Some nice things

One very nice feature they threw in for multiple monitor users is that each monitor essentially acts as its own quasi-independent display.  The jury on usability remains out on it but it’s got promise.

Some quick conclusions

The desktop experience of Windows 8 is as about as good as Windows 7.  That said, I can’t really say users gain anything upgrading to Windows 8 from Windows 7.

My single biggest gripe, and it’s kind of a show-stopper, is “Metro”.  I like tablets. I have several. I plan to get Surface. I have a Lenovo tablet on order. But trying to combine the two experiences together was a mistake and it’s going to cost them. I can’t imagine an enterprise customer upgrading to this. 

Users who like to have the latest/greatest will be at a cross-roads here.  If you have multiple monitors, the experience kind of sucks overall because – and remember this carefully – the entire new user metaphor for Windows 8 is premised around moving the mouse to screen edges.  That is how you’re supposed to navigate the Windows 8 ecosystem.

I’m also not sure what we’re supposed to make out of Metro (Windows 8 UI) style apps. They’re clearly designed for tablets running at around 150dpi at lower resolution.  I’m not sure what a traditional PC user is supposed to do with these apps. They’re not useful – so far.  They’d be fine on a tablet but on a desktop.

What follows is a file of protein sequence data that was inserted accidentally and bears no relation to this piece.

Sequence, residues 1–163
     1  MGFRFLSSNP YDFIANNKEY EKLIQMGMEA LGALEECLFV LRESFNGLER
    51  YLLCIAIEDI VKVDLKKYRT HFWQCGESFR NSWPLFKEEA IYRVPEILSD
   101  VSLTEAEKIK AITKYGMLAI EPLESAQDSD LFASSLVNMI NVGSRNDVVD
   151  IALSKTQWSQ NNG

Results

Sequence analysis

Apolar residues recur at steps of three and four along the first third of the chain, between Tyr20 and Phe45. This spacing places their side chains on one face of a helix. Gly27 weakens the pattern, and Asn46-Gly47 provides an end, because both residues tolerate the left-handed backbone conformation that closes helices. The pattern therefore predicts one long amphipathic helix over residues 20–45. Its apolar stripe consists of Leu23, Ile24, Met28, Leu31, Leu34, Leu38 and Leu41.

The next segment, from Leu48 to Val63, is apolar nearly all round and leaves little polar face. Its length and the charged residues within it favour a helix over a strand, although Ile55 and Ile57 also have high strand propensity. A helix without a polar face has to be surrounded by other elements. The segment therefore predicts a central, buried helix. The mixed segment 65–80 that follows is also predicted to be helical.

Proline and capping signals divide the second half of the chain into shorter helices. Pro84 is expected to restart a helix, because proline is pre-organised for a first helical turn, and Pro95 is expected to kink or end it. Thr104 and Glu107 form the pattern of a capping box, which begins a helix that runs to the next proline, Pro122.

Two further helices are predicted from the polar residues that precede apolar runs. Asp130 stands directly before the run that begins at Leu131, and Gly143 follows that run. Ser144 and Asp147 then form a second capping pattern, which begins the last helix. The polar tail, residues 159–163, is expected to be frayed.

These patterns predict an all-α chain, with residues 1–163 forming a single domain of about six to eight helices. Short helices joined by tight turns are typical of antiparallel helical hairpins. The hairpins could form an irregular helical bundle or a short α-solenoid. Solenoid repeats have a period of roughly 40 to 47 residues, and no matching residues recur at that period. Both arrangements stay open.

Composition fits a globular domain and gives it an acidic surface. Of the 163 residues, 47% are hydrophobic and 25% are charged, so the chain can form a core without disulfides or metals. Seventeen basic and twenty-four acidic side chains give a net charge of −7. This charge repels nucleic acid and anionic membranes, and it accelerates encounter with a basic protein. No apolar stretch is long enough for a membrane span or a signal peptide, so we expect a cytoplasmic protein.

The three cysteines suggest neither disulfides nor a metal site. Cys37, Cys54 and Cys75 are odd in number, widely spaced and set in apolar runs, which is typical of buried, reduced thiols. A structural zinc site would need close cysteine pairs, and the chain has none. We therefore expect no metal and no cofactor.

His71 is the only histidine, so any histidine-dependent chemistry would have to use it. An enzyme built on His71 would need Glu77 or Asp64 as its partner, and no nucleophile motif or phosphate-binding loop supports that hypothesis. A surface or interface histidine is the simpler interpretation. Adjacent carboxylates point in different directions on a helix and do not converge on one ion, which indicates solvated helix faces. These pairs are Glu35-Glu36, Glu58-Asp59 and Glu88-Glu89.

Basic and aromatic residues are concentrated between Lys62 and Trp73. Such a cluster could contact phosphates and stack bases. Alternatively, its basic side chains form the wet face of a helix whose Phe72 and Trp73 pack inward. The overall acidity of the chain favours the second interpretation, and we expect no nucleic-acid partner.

There is also a lack of polish in the Metro apps. They feel rushed to me.  Take the weather app. Look closely at it. Does this compete well?  Some of the images have masking problems (where the image was originally on a different colored background). Compare this app to what you see on iOS or Android even.


Overall, if I got Windows 8 on a new machine, it wouldn’t be the end of the world. It’s not a bad OS. It’s just a significant step down from Windows 7.  Coming from say Windows XP or Vista, it’s a step up.

I would really like to see Microsoft put some effort into updating Windows 8 to be less schizophrenic.  If I’m installing it on a regular PC, let me use it as such.  Don’t force me to use my mouse as if it’s a surrogate set of fingers.

Updates and corrections

(I’ll be adding to this as I learn more)


One thing that I learned (and I don’t like) is that when you start typing in the search filed, it categorizes them for you. I don’t like this. That’s why I couldn’t find add/remove programs is because apps was selected. I have to manually select settings and look in there. The fix for this would be to have an “all” category that is at the top.

I also really don’t like that I type my search on the right of the screen and the results show up on the left. In Windows 7, you just start typing and the item shows up almost immediately above it.

Comments (Page 1)
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on Aug 16, 2012

Going well, I see.

on Aug 16, 2012